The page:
I also got chance to interact with mbuf and man I saw him smile and crack jokes for the first time and it was crazy fun , ¬†I think it was the dinner after the last day of the conference. One of the most amazing experience was to talk to Haris and yes his name is Haris not Harish. The whole experience was so lovely that I don’t think that it can be better than this.

PS: We fixed my Macbook too

PPS: Video of our talk at PyCon Pune

Hacking on Pagure CI

Hacking on Pagure CI

“Ahaa!” I got a lot of ahaa moments when I was hacking on Pagure CI , ¬†Pagure CI’s initial draft was laid by lsedlar and I have blogged about it followed by me and Pingou. Pingou has done really amazing work with the flow and refactoring of code to making beautiful api calls.

I had great time hacking around it and got a bunch of learning. Few of the learning are :

  1. Try to do the minimal work in setting up the development environment mock everything that is available for testing.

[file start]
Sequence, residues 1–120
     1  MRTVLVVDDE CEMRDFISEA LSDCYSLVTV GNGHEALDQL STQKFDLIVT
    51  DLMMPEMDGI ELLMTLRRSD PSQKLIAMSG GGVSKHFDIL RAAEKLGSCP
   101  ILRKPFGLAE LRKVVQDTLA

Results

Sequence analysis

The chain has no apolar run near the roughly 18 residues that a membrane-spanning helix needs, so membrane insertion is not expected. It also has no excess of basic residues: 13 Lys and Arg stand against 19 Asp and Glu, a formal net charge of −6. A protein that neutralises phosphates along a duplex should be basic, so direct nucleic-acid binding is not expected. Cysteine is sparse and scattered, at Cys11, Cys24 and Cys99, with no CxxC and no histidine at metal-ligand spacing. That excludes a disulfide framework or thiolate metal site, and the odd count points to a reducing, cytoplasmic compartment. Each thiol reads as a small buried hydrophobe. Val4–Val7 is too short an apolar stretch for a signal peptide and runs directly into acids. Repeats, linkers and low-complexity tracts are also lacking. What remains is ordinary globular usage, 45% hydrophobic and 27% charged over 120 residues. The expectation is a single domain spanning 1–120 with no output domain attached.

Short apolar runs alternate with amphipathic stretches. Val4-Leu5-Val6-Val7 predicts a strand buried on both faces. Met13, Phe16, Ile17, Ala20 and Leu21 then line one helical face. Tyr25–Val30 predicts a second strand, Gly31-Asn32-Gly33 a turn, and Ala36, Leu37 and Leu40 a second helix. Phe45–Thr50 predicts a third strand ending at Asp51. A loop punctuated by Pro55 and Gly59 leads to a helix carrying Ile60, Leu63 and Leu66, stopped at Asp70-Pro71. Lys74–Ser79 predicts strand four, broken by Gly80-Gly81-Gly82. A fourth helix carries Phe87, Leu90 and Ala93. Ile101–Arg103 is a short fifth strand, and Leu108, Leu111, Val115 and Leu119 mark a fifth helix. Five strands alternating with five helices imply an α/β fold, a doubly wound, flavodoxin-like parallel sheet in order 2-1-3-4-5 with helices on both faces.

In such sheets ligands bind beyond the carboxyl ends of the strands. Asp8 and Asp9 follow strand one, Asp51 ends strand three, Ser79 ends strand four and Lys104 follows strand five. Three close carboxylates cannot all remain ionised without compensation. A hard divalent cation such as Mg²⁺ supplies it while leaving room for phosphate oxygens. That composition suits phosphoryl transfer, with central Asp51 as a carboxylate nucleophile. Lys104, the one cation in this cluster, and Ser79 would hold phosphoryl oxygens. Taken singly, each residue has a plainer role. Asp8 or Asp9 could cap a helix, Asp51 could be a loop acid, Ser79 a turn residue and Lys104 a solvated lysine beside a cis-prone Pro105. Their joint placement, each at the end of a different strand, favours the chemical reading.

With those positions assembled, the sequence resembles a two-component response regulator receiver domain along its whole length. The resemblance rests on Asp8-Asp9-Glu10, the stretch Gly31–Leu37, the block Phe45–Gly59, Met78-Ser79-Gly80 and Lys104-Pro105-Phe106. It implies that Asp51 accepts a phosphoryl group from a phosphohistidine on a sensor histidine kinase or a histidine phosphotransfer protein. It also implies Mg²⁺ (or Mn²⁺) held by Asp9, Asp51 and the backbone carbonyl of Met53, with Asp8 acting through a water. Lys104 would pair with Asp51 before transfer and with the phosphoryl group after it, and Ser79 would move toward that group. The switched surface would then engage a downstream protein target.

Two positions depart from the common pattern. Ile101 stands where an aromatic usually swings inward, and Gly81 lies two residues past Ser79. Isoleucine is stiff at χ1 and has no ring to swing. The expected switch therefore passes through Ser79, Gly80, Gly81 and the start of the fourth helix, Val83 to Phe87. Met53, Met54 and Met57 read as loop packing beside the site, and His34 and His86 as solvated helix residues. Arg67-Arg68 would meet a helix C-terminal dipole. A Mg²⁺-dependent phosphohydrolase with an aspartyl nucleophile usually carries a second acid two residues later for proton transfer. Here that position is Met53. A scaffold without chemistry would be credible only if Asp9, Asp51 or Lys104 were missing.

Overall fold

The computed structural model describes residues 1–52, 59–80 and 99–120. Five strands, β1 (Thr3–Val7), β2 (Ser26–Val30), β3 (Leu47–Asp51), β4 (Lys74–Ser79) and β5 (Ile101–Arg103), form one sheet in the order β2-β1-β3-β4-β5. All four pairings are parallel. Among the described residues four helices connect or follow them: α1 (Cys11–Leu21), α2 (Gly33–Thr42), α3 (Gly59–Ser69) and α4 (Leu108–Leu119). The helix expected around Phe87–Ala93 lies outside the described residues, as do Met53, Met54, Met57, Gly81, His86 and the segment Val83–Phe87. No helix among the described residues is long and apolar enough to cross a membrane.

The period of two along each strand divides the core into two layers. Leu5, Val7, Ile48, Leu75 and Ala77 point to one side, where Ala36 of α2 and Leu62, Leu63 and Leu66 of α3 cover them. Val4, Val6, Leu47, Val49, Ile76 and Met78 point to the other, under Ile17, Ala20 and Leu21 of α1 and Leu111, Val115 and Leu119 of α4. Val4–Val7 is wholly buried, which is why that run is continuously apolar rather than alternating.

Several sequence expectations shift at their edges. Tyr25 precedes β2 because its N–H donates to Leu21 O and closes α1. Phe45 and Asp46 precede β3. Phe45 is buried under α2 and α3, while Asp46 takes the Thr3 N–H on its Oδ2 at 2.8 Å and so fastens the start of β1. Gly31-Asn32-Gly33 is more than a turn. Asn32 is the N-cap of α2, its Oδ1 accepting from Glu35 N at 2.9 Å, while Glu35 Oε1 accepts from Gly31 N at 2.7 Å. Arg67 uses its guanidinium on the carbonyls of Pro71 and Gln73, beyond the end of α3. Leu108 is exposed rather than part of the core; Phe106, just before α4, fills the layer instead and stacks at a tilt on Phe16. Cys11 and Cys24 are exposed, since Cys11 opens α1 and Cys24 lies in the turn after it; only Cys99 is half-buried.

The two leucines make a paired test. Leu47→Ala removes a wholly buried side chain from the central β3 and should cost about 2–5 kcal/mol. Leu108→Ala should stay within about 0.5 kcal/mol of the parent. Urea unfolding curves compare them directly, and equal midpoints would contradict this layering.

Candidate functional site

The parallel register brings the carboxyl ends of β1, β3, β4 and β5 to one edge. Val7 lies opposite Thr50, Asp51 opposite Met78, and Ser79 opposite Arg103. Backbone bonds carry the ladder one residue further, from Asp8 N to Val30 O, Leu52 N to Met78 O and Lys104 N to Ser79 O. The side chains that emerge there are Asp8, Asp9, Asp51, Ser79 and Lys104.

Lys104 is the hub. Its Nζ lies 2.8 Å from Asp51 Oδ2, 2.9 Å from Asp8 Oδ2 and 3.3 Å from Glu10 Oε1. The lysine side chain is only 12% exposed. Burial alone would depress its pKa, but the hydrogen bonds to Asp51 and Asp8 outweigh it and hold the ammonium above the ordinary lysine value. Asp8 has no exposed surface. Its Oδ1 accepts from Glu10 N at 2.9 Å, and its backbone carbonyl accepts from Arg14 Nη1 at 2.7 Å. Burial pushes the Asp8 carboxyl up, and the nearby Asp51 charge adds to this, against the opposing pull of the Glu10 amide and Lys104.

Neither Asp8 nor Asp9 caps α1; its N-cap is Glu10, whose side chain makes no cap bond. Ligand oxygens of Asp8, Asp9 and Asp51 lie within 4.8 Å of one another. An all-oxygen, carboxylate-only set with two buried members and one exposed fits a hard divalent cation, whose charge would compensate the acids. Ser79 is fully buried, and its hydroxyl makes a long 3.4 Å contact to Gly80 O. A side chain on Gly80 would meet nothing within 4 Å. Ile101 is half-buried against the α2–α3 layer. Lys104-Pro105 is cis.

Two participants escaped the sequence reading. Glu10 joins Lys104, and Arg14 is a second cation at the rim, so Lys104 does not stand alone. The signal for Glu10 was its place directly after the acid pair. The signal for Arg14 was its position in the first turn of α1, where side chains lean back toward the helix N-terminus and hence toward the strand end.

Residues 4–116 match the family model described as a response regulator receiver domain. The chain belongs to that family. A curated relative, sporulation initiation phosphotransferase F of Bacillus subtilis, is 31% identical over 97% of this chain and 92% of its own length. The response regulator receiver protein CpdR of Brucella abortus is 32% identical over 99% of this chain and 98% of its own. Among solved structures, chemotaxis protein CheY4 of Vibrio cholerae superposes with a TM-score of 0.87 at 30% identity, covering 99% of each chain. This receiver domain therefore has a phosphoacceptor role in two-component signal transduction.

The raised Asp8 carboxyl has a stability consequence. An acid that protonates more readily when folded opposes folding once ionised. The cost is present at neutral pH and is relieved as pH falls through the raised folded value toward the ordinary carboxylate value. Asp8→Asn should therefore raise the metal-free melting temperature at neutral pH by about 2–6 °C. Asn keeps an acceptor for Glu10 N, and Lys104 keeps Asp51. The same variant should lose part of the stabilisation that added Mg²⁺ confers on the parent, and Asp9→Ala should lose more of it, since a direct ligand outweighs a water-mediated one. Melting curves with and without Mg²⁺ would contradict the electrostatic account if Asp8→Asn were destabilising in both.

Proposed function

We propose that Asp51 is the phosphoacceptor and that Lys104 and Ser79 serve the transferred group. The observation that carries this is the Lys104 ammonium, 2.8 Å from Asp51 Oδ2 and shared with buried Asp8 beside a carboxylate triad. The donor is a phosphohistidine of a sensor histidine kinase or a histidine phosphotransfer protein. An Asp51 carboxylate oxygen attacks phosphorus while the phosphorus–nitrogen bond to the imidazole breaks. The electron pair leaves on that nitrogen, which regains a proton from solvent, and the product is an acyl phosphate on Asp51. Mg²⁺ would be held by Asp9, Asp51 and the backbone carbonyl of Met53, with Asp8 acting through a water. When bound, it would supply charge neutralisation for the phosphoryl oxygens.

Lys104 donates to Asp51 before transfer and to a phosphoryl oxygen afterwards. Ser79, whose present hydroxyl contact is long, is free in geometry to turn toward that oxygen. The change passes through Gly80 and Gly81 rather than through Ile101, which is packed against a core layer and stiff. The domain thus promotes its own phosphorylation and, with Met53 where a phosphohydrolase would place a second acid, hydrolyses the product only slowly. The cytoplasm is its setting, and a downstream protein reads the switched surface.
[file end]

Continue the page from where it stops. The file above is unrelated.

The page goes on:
2. Think deeply about something when your mentor points it to you.

So the issue I was working on is a long pending one the issue was to attach build ID to all the Jenkins build Pagure was getting . Reason why attaching build id’s are necessary is to distinguish between different builds and to make the link to Jenkins a bit more specific for example if a build fail which was that build.

The first mistake I did was setting up Jenkins on my machine I had it previously but since my machine went under a kernel panic I lost all data related to Jenkins , now Fedora 25 has some packaging issue when installing ¬†Jenkins directly. But anyhow from Jenkins site I got a way to set it up and it worked for me. In the mean while Pingou was pointing it out that I actually don’t need Jenkins instance but I was not able to get him on that and I really feel bad about it.

After setting up Jenkins the other task for me was to configure it , which was really easy because I have done it before and also because it was well documented. For setting up the documentation is fine but for hacking on the CI you need a little less work.

Step 1

Set up REDIS on your machine , you can do that with installing redis using sudo dnf install redis and enable the service using sudo systemctl enable redis and then start the service using sudo systemctl start redis. Along with this you need to add config for redis in default_config.py or which ever config file you are giving to the server using --config. The configuration are well documented in pagure.cfg.sample.

Step 2